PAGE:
AAC-M4A download link: - https://www.mediafire.com/?w40es5n2bco84zo - Setlist: 01. Pagan Poetry
02. 5 Years
04. Desired Constellation
07. All Is Full Of Love
09. Generous Palmstroke
10. Nature Is Ancient
12. It’s In Our Hands
14. An Echo, A Stain
15. Where Is The Line_
18. You’ve Been Flirting Again (Icelandic)
With a greatest hits collection released last year, a handful of festival dates this summer and a much-talked-about live album still up her sleeve, it would be fair to wonder why Björk has gone to all this effort ? There is nothing new to promote as such, but as soon as her colourful, diminutive form appears in front of us, the fog of uncertainty lifts. As an almighty cheer explodes it all becomes clear, this is for her fans, and a truly devoted bunch we are too.
Elaborately dressed in pink from head to toe, Björk seems relaxed and at home. A full string section, complete with a multitude of harps, nestles on the stage but it is the Icelandic songstress that holds our attention. ‘Pagan Poetry’ gets the ball rolling and all breathy and beautiful “I love him, I love him” she chants in a mantra style. It’s not a predictable start perhaps but then this is no predictable lady. The set gently weaves and winds through most of her third and most polished album ‘Homogenic’ with the rousing strings and military style drums of ‘Hunter’, and a tantalising rendition of ‘Joga’, her exquisite voice, so impressively controlled, wins her an eager round of applause half way through.
The romantic ‘All Is Full Of Love’ drifts along next but is hampered by a lack of volume. This is a show that commands our full attention and without being able to hear every note glide and soar some magical atmosphere is lost. We soak up the shiny, skittering beats of ‘Heirloom’ and the Celtic influenced ‘Generous Palmstroke’ as best we can, trying not to be too disappointed and casting any sound irritation to one side.
In fine experimental form Björk treats us to the industrial sounding ‘Where Is The Line’, like something from a futuristic Bollywood movie. Then the sparse, techno-inspired ‘Pluto’ thumps and grinds taking up the pace a bit and gets us dancing. Last but definitely not least the gorgeously infectious ‘Isobel’ is our final reward and it’s all the gratification we need. We tumble out into the street uplifted and very glad that she made the effort. Thanks Björk.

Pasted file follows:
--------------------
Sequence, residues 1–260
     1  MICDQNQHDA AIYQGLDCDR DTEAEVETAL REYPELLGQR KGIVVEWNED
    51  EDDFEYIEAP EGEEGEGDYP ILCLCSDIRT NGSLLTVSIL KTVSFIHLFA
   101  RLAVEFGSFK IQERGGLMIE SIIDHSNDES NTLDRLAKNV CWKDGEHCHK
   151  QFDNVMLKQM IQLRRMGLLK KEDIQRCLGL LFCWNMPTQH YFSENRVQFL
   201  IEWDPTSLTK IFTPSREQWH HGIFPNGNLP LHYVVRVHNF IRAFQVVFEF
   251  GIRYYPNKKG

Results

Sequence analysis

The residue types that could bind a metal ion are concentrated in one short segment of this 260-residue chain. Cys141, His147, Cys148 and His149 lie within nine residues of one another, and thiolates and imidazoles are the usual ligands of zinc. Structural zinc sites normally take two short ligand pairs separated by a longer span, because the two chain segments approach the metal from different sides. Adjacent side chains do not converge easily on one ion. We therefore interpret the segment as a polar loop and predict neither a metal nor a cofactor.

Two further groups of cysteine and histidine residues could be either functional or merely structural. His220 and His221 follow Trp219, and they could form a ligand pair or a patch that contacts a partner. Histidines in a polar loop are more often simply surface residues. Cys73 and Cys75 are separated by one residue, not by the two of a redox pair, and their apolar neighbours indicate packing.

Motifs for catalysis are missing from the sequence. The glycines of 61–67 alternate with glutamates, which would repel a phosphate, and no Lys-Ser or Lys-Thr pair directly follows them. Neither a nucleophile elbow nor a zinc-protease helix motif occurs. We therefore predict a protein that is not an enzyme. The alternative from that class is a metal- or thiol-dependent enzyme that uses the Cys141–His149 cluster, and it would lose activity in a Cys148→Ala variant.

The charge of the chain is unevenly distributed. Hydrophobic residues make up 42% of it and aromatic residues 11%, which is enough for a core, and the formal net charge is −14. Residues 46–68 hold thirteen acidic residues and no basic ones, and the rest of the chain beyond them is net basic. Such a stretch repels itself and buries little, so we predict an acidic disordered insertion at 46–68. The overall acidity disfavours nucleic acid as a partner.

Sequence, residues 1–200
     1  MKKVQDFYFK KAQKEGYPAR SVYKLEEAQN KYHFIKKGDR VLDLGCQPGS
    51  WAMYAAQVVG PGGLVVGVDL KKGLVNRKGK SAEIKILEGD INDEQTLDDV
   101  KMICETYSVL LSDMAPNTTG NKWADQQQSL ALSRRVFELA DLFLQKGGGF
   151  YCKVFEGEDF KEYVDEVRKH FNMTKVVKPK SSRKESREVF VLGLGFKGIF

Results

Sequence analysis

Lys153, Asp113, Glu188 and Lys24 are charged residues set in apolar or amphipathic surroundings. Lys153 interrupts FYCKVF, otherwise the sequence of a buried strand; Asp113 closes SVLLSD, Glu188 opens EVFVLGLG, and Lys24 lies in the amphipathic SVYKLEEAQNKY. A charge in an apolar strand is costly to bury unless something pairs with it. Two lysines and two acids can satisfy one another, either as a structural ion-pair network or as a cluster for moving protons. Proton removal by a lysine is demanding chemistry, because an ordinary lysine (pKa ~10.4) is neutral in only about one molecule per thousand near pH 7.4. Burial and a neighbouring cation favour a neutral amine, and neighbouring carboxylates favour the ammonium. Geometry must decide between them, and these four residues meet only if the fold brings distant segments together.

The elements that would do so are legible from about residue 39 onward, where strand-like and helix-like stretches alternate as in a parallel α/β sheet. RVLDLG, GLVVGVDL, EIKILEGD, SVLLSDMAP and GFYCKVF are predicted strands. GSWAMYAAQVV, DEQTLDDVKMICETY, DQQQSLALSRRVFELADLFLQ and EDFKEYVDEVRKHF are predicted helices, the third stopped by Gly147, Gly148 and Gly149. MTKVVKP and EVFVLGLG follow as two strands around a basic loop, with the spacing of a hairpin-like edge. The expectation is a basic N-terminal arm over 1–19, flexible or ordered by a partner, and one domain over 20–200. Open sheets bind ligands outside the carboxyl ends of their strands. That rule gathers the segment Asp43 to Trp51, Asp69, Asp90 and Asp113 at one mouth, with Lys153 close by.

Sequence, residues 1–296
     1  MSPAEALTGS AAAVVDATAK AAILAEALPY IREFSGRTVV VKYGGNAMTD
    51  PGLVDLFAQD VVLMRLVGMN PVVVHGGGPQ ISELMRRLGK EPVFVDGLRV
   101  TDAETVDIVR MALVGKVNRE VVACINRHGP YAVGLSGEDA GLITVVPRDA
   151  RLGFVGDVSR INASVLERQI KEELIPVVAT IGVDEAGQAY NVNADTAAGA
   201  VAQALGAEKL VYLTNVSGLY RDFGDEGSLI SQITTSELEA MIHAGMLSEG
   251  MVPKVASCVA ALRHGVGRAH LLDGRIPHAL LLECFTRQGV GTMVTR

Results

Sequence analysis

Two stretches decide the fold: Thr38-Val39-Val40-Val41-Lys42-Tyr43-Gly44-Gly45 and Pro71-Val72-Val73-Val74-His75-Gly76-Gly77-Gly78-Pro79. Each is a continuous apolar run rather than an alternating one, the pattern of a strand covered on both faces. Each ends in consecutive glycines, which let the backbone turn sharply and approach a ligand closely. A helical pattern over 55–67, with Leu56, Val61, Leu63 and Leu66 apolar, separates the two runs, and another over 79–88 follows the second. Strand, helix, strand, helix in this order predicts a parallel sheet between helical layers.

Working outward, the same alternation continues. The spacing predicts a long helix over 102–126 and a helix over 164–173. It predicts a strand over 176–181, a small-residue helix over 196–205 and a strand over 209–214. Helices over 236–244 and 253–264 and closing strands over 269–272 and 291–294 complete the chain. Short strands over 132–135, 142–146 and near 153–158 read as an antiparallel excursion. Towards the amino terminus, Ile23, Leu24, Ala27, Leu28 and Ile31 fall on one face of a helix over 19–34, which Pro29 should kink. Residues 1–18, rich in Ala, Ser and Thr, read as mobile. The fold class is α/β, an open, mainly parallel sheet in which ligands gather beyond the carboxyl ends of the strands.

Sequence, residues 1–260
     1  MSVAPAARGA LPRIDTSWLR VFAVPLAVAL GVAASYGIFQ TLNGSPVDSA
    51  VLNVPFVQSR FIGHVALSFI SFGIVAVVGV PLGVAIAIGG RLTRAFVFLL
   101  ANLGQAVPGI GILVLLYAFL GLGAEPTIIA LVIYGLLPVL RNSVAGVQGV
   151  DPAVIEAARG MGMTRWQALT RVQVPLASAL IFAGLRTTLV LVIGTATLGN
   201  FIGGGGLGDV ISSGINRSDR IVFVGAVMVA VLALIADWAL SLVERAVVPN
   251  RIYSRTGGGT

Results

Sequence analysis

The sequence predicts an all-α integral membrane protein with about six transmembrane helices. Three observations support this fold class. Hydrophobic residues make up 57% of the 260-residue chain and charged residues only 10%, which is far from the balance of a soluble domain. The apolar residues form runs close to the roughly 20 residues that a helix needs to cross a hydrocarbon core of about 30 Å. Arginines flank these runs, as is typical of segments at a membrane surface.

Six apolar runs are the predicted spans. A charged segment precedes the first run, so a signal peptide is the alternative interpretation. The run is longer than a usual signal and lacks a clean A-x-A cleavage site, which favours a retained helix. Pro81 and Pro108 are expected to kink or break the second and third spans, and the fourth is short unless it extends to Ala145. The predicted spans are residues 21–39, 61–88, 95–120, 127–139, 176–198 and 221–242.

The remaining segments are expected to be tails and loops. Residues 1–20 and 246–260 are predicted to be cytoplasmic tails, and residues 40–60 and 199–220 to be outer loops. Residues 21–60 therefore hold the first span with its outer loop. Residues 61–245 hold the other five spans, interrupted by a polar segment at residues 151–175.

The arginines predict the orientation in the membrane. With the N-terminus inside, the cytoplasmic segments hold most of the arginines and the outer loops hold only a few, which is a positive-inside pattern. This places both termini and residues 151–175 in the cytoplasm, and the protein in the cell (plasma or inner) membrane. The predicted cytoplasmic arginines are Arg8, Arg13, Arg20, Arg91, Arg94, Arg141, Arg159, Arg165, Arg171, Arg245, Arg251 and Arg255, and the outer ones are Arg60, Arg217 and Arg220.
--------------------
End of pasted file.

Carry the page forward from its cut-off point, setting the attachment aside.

Ruth Mitchell - XFM
Icelandic songstress is simply breathtaking
Björk drifts across the cosmos, white yarn unravelling from a hole in her back. How Scandinavian of her. She looks thirty feet long. She is thirty feet long : beamed up on the backdrop while her mini, real self cavorts below in a pink puffy ballgown and oversized remembrance poppy combo, matching eyeshadow smeared warpaint-like across her face. It’s hard to decide which of the two looks the most spectacular.
Business as usual for the celestial diva, then. With the help of harpist Zeena Parkins and San Franciscan sound sculptors Matmos, who’ve fashioned lithe, subtle beats from the sounds of cracking ice and shuffled cards, her Björkness is moving ever closer to her ultimate dream. A breathtaking fusion of tradition and progress, of electronica and steam, of classical beauty in a groundbreaking frame.
The best songs tonight are gloriously impossible to dance to. Old favourites like ‘Jóga’ and ‘Hunter’ swell with the orchestra, Björk’s magical voice pirouetting in mid air, while the new ‘Desired Constellation’ is light years away from the fashionability of her debut. As she sings on another rare song, “Nature is ancient but surprises us all.” Even in such familiarly magnificent form, Björk in a heartbeat.
Ian Watson - NME
Björk to the future
Her dress sense is predictably quirky. It’s Björk’s sound that has moved, once again, way ahead of the pack.
Consistent innovation is a rare thing in music. Most cutting-edge artists make an impact, soak up the kudos like fuel then ride their sound around in circles, dodging copyists, until something previously unheard of arrives to reset the boundaries. Pushing the envelope, time and again, is a fiendishly difficult business, as Missy Elliott and Timbaland, and US urban pop producers The Neptunes are finding.
The ever-ingenious Björk has just shunted her music off into another new pasture. The handful of new songs she airs at the second of last week’s London shows combine breathtaking digital club textures, howling elemental forces, old world resonances and ever-elastic concepts of melody. Nothing new there, seasoned Björk-watchers might conclude ; she has been doing precisely that ever since her first alien dancefloor pop hits ushered in the Nineties.
Tonight, however, Björk picks up the goalposts of what can be done with one voice, some violins and a bank of computers and heaves them—like some charmed Scandinavian caber-thrower—into somewhere unfamiliar. The only landmarks are her voice—ticklish, bombastic and bereft by turns—and her dress sense. Her hair is up in diagonal be-ribboned corn rows. Her asymmetrical prom dress is a violent pink confection, culminating in an outsized flower at the shoulder and knee, while vines climb up her pink leggings. There is another vine painted on her arm, and her fairy-tale thong slippers glitter with diamanté.